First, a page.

Architect, historian and author Alan Hess took a Neon Museum audience down memory lane in May with a lecture marking the 50th anniversary of the “Learning from Las Vegas” survey. The Learning from Las Vegas survey?

In 1968, three Yale professors – Robert Venturi, Denise ScottBown and Steven Izenour – and their students trekked west to learn about the city. Neon Museum and Hess, in partnership with Nevada Preservation Foundation, reviewed what they learned in 1968, how Las Vegas has evolved and why it is even more important today to the evolution of modern architecture and planning.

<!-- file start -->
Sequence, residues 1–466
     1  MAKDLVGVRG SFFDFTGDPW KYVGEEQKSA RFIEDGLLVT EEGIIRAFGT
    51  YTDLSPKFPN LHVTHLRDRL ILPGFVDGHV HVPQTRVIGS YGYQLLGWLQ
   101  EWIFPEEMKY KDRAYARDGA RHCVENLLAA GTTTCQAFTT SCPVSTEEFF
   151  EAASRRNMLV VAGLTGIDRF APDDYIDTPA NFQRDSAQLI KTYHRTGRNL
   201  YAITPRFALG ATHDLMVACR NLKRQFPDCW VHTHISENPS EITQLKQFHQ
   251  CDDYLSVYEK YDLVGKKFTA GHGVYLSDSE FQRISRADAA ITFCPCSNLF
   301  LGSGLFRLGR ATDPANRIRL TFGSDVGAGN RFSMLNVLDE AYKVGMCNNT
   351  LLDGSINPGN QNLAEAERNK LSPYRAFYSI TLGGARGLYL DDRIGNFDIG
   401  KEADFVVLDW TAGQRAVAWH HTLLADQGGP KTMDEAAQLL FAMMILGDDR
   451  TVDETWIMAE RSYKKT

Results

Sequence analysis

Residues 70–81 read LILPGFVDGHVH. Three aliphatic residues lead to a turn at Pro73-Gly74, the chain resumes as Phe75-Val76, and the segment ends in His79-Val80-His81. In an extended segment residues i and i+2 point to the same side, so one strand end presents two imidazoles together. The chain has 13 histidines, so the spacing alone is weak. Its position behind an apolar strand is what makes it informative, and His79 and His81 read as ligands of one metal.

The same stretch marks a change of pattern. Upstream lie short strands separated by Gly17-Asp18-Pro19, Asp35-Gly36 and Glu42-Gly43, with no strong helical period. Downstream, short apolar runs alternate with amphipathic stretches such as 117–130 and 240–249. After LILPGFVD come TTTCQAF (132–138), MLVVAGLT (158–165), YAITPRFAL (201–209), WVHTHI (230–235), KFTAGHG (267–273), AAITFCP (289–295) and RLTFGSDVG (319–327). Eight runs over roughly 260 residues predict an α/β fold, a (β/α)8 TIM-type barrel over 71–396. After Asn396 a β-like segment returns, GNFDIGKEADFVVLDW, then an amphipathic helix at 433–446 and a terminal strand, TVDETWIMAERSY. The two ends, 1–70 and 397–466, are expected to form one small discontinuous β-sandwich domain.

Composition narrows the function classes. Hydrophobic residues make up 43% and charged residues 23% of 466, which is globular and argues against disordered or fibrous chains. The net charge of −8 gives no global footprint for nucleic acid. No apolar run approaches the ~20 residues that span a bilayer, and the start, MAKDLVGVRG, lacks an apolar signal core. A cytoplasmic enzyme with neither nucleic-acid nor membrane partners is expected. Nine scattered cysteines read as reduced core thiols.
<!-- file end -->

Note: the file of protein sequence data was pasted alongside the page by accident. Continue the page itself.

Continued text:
Of course, the event was held against a stunning sign-dense backdrop at the Museum’s new Ne10 Studio at 1001 W. Bonanza Road, on the Las Vegas Review-Journal campus.

Venturi authored a book, “Learning from Las Vegas: The Forgotten Symbolism of Architectural Form” that published in April.

Hess’ books focus on modern architecture and urbanism in the mid-20th Century. Among his subjects: Las Vegas and Palm Springs, Calif. 

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